At 6, an age when most children are dreaming of becoming superheroes, firemen or rock stars, Joey Maier wanted to become a biologist.
He was curious about all living things, from trees to birds, fish to flowers, but especially things that lived in the water — and he set out to learn everything he could.
He voraciously read “Ranger Rick” magazine and books by nature writer Sam Campbell. He spent his childhood in Colorado, and at age 15, worked as a junior park ranger at South Platte Park, where he swam with the resident beavers.
Each year, his family visited EPCOT, where he spent countless hours at EPCOT’s aquarium, then known as The Living Seas. During his junior year of college, he took a semester off and came to Florida to work at The Living Seas as a marine mammal research intern, helping researchers who were studying dolphin communication.
He earned a bachelor’s degree in biology from Andrews University and a master’s degree in physiological sciences from Oklahoma State, where he studied bone development in bottlenose dolphins.
In 2004, Maier brought his passion for biology to Polk State College. Since then he’s developed a reputation for being a professor who takes a hands-on, innovative approach to teaching. Most recently, he spearheaded a semester-long, interdisciplinary underwater robotics project. Students participating in the project built an underwater robot that science classes will use for data collection.
Outside the classroom, Maier can often be found scuba diving, kayaking, or volunteering with one of the area research groups that tag sharks. This August, he’ll be traveling 1,000 feet below the surface of the Caribbean Sea to the “twilight zone,” the level of the ocean that receives only faint, filtered light.
Here, the professor who dreams of one day teaching in an underwater classroom, discusses his love for biology, how he works to instill that same passion in his students, and the shark species that is on his must-see list.
What have been some of the greatest inspirations in your career?
I knew I wanted to be in this field at a very young age. I read voraciously, almost always about animals and nature. The first book I ever purchased with my allowance, back in third grade, was “Nine True Dolphin Stories.” I have been inspired by many people, so it’s hard to just choose one particular person. Recently I got to meet Sylvia Earle, and that is an experience I will always remember. She’s not just famous as a biologist, she’s also a pioneering female diver, an aquanaut, and the former head of the National Oceanic and Atmospheric Administration. She is so famous that she’s called “her deepness.” It was sort of like meeting Abraham Lincoln — not just meeting the president of the United States, but a really famous, historically important president.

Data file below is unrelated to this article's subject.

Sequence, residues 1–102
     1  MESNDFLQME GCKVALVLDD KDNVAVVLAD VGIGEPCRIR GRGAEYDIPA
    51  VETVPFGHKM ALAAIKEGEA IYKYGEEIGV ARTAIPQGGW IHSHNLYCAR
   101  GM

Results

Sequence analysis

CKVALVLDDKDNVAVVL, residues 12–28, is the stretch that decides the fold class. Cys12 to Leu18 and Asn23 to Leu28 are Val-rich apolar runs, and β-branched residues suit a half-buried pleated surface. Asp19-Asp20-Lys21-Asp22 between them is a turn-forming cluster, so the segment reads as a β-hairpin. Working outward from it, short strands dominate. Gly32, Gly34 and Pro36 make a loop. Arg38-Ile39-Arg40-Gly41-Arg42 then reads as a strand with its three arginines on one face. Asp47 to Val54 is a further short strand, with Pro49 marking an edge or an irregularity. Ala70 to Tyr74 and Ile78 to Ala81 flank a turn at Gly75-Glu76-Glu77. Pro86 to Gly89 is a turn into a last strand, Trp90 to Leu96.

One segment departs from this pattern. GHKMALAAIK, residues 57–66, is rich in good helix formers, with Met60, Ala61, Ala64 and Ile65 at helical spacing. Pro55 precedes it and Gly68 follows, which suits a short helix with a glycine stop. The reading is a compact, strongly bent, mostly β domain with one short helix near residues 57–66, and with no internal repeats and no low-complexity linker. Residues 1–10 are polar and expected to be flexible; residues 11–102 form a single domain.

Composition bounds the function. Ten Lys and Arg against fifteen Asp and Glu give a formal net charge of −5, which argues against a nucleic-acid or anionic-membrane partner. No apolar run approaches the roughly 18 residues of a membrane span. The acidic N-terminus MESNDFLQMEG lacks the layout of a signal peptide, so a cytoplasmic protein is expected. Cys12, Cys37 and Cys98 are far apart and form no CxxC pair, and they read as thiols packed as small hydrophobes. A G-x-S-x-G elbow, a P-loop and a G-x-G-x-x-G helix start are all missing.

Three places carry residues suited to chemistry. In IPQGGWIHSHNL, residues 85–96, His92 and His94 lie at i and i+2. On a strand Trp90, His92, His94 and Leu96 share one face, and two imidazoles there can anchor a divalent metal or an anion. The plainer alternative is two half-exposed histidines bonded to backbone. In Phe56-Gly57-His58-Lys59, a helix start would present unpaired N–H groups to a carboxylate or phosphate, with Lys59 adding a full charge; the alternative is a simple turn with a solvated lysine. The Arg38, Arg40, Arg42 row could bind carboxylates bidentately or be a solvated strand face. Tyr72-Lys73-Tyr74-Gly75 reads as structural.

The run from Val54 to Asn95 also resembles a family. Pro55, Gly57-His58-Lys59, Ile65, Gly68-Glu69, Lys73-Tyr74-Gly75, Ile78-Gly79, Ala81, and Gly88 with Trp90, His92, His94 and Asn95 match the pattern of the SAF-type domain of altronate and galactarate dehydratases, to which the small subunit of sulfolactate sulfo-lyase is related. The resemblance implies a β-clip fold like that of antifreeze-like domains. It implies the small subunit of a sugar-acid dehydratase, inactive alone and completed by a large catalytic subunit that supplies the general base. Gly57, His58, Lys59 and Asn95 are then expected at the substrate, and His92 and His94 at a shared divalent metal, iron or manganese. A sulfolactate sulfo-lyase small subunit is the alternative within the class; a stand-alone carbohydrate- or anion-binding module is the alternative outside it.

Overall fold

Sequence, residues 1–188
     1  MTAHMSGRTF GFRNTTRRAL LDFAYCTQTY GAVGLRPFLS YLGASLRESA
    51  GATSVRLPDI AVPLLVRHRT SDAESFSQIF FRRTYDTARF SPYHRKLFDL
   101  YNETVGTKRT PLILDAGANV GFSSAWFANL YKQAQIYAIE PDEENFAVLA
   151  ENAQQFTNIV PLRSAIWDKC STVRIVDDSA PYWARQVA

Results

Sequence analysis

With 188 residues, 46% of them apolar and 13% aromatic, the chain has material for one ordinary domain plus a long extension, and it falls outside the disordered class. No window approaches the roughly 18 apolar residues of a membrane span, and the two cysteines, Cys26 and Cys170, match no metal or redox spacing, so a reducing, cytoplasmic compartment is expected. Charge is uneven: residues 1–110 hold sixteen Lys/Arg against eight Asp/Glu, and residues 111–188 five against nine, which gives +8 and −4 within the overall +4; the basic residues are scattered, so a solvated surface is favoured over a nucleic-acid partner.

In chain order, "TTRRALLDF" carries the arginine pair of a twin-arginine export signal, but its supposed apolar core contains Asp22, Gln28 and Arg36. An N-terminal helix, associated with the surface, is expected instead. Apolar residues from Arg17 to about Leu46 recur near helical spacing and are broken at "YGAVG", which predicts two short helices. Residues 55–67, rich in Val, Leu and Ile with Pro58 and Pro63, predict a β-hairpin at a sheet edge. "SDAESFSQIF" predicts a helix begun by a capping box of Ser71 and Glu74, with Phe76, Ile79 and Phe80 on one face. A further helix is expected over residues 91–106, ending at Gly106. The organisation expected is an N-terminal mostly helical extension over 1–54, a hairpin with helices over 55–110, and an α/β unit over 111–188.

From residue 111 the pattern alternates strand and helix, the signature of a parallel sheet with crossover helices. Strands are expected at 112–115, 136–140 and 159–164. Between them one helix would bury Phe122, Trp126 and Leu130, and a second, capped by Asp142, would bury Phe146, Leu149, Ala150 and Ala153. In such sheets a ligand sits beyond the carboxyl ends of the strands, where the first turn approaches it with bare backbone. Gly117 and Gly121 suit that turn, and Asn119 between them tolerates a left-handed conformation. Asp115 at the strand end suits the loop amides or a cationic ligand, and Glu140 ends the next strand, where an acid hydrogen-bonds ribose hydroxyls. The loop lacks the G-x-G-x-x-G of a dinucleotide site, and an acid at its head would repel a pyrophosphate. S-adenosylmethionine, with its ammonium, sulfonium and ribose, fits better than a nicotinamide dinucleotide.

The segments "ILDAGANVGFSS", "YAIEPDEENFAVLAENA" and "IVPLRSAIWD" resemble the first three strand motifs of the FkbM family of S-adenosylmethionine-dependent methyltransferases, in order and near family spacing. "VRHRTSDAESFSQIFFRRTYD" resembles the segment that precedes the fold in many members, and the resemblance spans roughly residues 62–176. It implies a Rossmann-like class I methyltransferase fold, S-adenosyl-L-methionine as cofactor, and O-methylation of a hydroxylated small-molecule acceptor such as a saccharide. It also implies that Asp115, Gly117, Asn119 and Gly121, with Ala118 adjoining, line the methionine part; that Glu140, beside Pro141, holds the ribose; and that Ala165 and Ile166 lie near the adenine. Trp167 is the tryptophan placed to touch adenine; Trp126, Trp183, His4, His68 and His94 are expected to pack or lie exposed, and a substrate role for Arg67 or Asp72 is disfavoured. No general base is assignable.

Outside the classroom, you’re often involved in projects, research, and hobbies related to your field. Can you describe these activities?
I try to keep “one foot in the water,” spending plenty of time in and around the ocean so I can bring experiences from there into the classroom. I enjoy scuba diving, and I like to dabble in underwater photography and videography. Recently, I’ve been trying to put together a video on fish camouflage using scenes from my own footage of flounder, scorpion fish, etc. I use these videos in my biology classes, and share them on my YouTube channel (his channel is called “Joey Maier”). I also like kayaking on the Peace River, and tend to hunt for fossils on those trips.
You are passionate about the environment. In fact, you hope to use the underwater robot that Polk State students built to help future students better understand the impact of water pollution. What one thing do you most want people to know about our environment?
The problem is people think recycling is good enough. Eliminating the unnecessary use of plastic is actually more effective and less expensive than trying to clean it up afterwards. Plastic breaks into tiny pieces that pollute our oceans and microscopic bits of it are being incorporated into our foods.
I understand you keep a list of shark species you’ve seen, but there is one species that has managed to elude you. What is it and why is it important to you that you see it one day?
Yes, I keep a checklist on the wall of my office listing species I’ve seen. Obviously, there are hundreds of species I’ve never seen. Anything I haven’t seen before would be fun to encounter, but I’d love to see something exotic and deep-water, like a goblin shark. One of the high points for me so far has been scuba diving with whale sharks. It is exciting to know that you’re with the largest species of fish in the world.
What are your tips for your students looking to further their experiences, whether in biology or in something completely unscientific?
Read everything you can get your hands on. In the era of open publishing, many research labs make their work available to the public. Get as much hands-on experience as possible, if you cannot find a paid position, volunteer. That will give you practical skills that will set you apart from all the other candidates who want the same position. Network as much as you can, join professional associations, meet people and stay in touch. Always take advantage of internships, you meet people, and gain skills that will eventually take you into a great job. I keep postings of current internships right outside my door for the students to take advantage of the many opportunities available.
Professor Maier’s office is located at Polk State Winter Haven in WSC 116. He can be contacted a firstname.lastname@example.org.
At Polk State, students study a broad range of natural and physical sciences, either as requirements for their Associate in Arts degrees prior to transferring to four-year institutions, or entering one of the College’s bachelor’s or Health Sciences programs.